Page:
Rosemary’s Baby (2014) Blu-ray Review
For those of you familiar with the 1968 version of ROSEMARY’S BABY directed by Roman Polanski, let me get this out up front – this new presentation is not as intense as its predecessor. That being said, this made-for-television production does have a few good scares packed into it.
As the film begins we meet a young woman arguing with her husband. She throws a small locket onto the bed, climbs up onto the window ledge and steps off. Ouch!
Rosemary Woodhouse (Saldana) and her husband, Guy (Adams), have recently arrived in Paris, where a friend of Rosemary’s has been instrumental in getting Guy a position in the English department at the Sorbonne. They are making the best of their faculty apartment, though to describe it as cramped would be an understatement. While out for a walk Rosemary’s purse is snatched. She chases the thief and he eventually drops the bag. He also drops a wallet that doesn’t belong to Rosemary. She tracks down the owner, who lives in a beautiful and mysterious apartment building. Coincidentally (wink,wink) the wallet-owner’s husband is a big shot at the Sorbonne and she invites Rosemary and Guy to a party that evening. The young couple is overwhelmed by the attention paid to them and, before you know it, have found a vacant apartment in the same building. While moving in Rosemary finds a photo of a young woman. She also discovers a hidden door and, behind it, an unused nursery. Definitely the kind of things that make you go “hmmmm.”
The 1968 film had many things going for it, among them the fact that it was a true “first” when it came to major films dealing with Satan and his influence. 1974 would see THE EXORCIST hit screens and, after that, a host of films that dealt with Beelzebub. This was new to audiences and it rightfully scared the hell out of them. Almost five decades later, audiences have grown jaded and have adapted a “been there, seen that” attitude. Director Holland has taken the one advantage that Polanski shied away from and has mixed in a little blood and guts. Not gratuitously but to convey the horrors being perpetrated. She has changed some aspects of the original film (and Ira Levin’s novel), switching the location from New York City to Paris and Guy’s profession from aspiring actor to teacher. When unfortunate events begin to happen (after a murder/suicide Guy is put in charge of the English department) you know that someone has his claws in the mix.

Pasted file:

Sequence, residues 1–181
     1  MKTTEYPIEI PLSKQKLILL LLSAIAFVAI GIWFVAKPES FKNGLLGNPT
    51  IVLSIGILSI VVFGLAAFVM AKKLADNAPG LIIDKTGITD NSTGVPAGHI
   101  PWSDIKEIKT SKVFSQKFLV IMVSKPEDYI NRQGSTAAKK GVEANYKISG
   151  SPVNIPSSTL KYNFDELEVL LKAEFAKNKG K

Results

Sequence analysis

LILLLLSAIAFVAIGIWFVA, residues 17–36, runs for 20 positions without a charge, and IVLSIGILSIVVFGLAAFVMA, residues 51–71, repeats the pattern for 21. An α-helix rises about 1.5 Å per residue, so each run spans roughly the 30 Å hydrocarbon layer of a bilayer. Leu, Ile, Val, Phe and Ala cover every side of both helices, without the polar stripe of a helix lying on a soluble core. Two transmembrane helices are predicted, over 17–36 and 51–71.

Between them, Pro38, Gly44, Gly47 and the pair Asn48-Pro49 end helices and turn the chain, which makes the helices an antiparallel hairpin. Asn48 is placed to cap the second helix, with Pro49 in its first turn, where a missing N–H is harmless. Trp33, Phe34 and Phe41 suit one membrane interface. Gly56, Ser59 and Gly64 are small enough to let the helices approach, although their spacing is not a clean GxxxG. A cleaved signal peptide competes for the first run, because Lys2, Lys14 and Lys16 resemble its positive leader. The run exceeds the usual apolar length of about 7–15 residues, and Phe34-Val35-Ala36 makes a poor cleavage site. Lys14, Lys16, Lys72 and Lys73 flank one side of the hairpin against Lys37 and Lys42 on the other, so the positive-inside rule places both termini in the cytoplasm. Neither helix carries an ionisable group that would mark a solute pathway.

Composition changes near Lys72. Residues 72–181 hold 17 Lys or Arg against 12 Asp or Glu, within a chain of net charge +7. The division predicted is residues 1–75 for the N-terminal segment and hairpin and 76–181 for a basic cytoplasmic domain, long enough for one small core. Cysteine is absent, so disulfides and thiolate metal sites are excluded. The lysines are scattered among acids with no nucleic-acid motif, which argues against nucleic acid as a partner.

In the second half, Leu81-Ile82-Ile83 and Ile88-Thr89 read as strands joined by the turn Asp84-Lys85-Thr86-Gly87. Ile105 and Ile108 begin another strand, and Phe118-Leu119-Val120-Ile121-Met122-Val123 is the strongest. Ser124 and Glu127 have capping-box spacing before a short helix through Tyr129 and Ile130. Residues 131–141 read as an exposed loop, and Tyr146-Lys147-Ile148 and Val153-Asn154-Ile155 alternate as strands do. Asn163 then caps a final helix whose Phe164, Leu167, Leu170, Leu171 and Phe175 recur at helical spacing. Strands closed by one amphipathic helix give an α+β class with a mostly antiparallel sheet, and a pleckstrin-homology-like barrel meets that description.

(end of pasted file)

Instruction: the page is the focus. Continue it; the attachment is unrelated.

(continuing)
The cast does a fine job, building their own characters instead of trying to mimic the work of the original actors. One change Holland has made is that the benefacting couple are no longer elderly (Jason Issacs and Carole Bouquet play the Castevets, roles originally played by Sidney Blackmer and Ruth Gordon, who won the Oscar for best supporting actress for her performance) but more the age of the Woodhouse’s. This gives the cast more opportunities to do more things together, which also helps move this almost 3-hour film along. Adams is solid in his portrayal of Guy and Saldana puts her own stamp on a very well-known character. Holland gives the film enough suspenseful moments to hold your attention, though the second half of the film feels like it could have been fleshed out more.
Video: Presented in its original 1:78.1 aspect ratio, the transfer is somewhat dark. Not having seen this when it originally ran, I’m not sure if the darkness was intentional to set the mood or if it’s just too dark in places. Even taking a stroll through Paris looks like every day is stormy.
Audio: Presented in DTS-HD Master Audio 5.1, the sound is delivered sharp and loud. Even quieter moments do not need a touch of the volume button.
Surprisingly, there are no deleted scenes so I guess there is nothing missing from the second act. Too bad.
Fear is Born: The Making of “Rosemary’s Baby” (12:04): A behind the scenes look at the creation of the film. Fair.
Grand Guignol: Paris Production Design (6:35): Much more interesting is this short featurette dealing with the various sets created for the film.